By Peter Inker
In fifty two B.C. at Alesia in what's now Burgundy in France Julius Caesar pulled off one of many nice feats of Roman fingers. His seriously outnumbered military completely defeated the mixed forces of the Gallic tribes led through Vercingetorix and accomplished the Roman conquest of Gaul. The Alesia crusade, and the epic siege during which it culminated, used to be one in every of Caesar 's best army achievements, and it has involved historians ever considering that.
In this, the 1st full-length examine to be released lately, Peter Inker reconstructs the conflict in photograph aspect, combining historical and sleek assets and facts derived from archaeological study. He questions universal assumptions concerning the crusade, reassesses Caesar's personal account of occasions, and appears back at features of the conflict which were debated or misunderstood. His gripping account provides new perception into Caesar the commander and into the Roman military he commanded.
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Additional resources for Caesar's Gallic Triumph: Alesia 52BC
Peter A. Inker 2007 Gallic spearheads from Alesia (scale 1:4). © Peter A. Inker 2007 Gallic spearheads from Alesia (scale 1:3). © Peter A. Inker 2007 Gallic infantryman. © Peter A. Inker 2007 Roman cavalryman. © Peter A. Inker 2007 The Oze valley looking west to Mont Réa and showing the location of Camp D. The Plain of Grésigny is in the foreground. Vercassivellaunus’ forces came over the ridge on the right of the picture. The lines of the circumvallation are marked in white. © Peter A. Inker 2007 Close-up of the reconstructed wall at Bibracte showing the murus gallicus building technique.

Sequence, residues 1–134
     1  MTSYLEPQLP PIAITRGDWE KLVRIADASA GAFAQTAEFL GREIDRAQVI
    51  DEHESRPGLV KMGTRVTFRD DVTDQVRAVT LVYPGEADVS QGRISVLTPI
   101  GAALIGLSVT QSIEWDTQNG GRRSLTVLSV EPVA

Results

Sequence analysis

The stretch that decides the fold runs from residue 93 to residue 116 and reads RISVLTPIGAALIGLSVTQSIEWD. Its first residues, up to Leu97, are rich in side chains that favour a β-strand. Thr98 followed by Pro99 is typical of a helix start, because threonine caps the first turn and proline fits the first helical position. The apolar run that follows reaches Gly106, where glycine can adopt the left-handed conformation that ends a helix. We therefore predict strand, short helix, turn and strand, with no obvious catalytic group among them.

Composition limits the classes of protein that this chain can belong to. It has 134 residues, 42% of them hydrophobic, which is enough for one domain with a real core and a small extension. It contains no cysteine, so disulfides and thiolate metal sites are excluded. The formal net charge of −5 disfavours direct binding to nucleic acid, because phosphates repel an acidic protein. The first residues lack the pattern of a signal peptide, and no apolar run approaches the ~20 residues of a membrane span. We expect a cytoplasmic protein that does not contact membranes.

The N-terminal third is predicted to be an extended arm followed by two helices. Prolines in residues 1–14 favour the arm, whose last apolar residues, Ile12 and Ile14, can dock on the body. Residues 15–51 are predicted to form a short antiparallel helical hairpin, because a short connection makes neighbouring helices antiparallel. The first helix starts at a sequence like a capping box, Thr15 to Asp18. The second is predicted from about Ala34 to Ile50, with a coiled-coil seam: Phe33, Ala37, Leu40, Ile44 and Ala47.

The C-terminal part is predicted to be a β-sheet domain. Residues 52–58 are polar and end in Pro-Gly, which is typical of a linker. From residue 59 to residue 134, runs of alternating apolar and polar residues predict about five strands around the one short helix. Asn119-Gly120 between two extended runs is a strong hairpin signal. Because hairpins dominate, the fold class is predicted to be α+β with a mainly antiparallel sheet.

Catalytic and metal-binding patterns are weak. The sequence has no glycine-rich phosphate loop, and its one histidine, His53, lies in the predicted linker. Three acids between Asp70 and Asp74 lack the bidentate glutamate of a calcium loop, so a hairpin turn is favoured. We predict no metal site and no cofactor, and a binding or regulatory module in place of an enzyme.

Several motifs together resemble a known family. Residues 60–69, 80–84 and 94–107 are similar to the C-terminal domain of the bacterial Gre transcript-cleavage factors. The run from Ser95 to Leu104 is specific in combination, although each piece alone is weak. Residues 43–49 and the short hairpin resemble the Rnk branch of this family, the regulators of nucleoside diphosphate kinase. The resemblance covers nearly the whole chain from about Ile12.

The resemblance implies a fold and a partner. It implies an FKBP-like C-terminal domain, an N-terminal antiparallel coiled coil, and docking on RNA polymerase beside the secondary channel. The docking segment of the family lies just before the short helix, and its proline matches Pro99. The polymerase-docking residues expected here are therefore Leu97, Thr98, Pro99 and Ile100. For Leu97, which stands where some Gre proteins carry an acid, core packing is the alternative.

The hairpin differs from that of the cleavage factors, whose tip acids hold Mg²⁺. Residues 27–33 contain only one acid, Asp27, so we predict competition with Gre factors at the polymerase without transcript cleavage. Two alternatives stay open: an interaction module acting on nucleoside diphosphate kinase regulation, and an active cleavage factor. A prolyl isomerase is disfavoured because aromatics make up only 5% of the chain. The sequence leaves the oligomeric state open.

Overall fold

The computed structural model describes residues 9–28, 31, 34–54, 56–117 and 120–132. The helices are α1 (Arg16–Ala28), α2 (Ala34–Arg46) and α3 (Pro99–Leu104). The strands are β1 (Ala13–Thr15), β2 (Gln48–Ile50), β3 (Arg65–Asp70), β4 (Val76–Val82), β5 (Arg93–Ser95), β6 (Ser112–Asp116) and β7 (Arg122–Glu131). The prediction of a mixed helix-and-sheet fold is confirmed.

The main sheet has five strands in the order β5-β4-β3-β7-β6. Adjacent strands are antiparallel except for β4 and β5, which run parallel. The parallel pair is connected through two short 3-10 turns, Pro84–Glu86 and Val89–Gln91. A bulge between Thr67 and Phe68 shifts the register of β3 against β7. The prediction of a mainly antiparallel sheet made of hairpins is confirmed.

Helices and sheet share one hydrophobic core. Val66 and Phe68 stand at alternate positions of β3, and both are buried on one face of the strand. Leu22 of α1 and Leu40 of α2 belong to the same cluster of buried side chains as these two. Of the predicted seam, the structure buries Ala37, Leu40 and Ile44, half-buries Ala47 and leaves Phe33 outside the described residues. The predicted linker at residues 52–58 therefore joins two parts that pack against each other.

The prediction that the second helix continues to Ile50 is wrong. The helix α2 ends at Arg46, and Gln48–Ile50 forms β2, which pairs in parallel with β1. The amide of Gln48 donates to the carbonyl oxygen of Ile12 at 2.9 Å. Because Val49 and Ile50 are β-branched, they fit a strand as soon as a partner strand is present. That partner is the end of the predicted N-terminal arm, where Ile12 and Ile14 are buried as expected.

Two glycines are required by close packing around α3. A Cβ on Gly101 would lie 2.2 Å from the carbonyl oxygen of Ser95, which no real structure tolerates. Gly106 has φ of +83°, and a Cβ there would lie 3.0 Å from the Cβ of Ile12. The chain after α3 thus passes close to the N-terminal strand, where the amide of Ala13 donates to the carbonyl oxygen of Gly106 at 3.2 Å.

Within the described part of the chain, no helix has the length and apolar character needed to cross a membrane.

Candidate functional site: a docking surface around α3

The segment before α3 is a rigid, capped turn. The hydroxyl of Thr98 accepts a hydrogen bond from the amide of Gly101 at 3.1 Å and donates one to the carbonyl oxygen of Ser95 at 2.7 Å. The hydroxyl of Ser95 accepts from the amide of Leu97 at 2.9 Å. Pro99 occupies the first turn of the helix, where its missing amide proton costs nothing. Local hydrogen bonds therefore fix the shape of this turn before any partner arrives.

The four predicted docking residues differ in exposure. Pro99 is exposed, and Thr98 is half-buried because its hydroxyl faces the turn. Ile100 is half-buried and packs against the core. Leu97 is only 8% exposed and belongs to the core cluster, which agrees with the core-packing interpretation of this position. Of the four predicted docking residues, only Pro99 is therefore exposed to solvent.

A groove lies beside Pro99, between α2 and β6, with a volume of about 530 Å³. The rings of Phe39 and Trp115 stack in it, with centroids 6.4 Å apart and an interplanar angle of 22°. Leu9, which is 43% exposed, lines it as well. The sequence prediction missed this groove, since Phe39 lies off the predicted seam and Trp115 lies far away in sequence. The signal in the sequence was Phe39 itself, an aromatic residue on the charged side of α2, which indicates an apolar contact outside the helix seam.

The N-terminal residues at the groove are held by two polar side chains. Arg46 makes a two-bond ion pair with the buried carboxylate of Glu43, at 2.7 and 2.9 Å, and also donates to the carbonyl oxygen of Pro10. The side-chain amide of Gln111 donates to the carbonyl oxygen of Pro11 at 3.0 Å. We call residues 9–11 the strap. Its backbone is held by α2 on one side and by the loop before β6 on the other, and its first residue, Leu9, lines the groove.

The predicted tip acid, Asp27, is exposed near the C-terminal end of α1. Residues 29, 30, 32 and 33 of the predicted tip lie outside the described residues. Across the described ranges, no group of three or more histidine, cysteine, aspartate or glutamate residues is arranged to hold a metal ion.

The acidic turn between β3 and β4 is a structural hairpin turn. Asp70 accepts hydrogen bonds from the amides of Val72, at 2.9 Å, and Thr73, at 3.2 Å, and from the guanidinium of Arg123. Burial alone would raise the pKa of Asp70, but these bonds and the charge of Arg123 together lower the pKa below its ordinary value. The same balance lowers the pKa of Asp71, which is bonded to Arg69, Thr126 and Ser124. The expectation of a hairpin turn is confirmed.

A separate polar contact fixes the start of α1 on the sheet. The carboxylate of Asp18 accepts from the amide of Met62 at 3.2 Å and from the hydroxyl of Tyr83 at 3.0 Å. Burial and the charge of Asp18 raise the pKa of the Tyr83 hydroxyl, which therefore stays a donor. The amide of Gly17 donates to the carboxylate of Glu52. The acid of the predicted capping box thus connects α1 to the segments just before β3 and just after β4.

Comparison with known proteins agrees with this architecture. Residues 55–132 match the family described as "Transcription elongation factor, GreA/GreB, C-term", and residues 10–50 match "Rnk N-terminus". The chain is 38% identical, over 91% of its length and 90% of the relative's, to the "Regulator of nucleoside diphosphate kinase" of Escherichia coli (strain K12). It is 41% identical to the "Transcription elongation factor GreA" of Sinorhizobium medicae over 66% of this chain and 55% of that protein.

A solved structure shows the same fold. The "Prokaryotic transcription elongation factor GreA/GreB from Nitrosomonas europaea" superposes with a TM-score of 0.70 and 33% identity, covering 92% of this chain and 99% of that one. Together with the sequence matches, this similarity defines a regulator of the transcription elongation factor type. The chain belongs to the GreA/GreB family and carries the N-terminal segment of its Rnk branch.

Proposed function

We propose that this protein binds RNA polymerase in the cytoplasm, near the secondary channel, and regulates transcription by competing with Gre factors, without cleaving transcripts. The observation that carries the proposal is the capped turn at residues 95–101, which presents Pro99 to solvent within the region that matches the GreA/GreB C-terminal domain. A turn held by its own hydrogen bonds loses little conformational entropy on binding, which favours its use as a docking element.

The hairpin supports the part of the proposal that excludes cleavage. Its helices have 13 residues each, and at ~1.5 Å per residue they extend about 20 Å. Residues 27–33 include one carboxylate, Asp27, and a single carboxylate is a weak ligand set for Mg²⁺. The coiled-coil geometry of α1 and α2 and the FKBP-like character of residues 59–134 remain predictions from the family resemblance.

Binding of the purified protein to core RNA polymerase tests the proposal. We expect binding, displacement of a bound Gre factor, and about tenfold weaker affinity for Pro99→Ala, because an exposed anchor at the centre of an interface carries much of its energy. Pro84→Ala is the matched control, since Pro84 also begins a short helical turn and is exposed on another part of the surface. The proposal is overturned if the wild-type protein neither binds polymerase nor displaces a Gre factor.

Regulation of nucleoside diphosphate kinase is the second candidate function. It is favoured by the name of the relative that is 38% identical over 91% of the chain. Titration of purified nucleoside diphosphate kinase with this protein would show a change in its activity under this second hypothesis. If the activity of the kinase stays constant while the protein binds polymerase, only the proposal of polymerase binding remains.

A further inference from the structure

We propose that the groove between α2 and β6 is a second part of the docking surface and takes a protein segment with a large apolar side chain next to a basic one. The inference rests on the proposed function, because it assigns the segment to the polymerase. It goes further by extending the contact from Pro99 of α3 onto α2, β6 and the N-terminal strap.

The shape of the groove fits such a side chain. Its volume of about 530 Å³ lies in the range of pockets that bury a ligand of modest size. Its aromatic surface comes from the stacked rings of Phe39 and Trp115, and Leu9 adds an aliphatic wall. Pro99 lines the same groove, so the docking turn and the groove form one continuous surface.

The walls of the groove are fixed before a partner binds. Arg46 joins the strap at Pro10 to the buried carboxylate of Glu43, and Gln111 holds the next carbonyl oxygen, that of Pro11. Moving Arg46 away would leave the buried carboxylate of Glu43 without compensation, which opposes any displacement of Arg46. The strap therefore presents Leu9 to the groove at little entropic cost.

He pointed out that the three distinct peoples within Gaul had their own languages, customs and laws – what today we might call separate ‘ethnic identities’. Within these ethnic identities, separate groups were identified by tribal appellations and these are the tribal names that are passed down to us in Caesar’s Gallic War. Whilst Caesar comments that the Gauls call themselves Celts in their own language, the modern term Celtic is now fraught with a complexity of ethnic meaning developed over the intervening two millennia.
Motivation to create such an engineering feat was an important factor in Caesar’s army. Infantry training tended to focus on physical ability, including running, jumping, marching and building – clearly necessary for the construction work. Increasingly, espirt de corps was also encouraged. The legions began to be individualized by number and by name. Added to this, individual legions were picked out by nicknames, often recognizing their exploits, and by use of awards and honours on their banners and standards.
Caesar's Gallic Triumph: Alesia 52BC by Peter Inker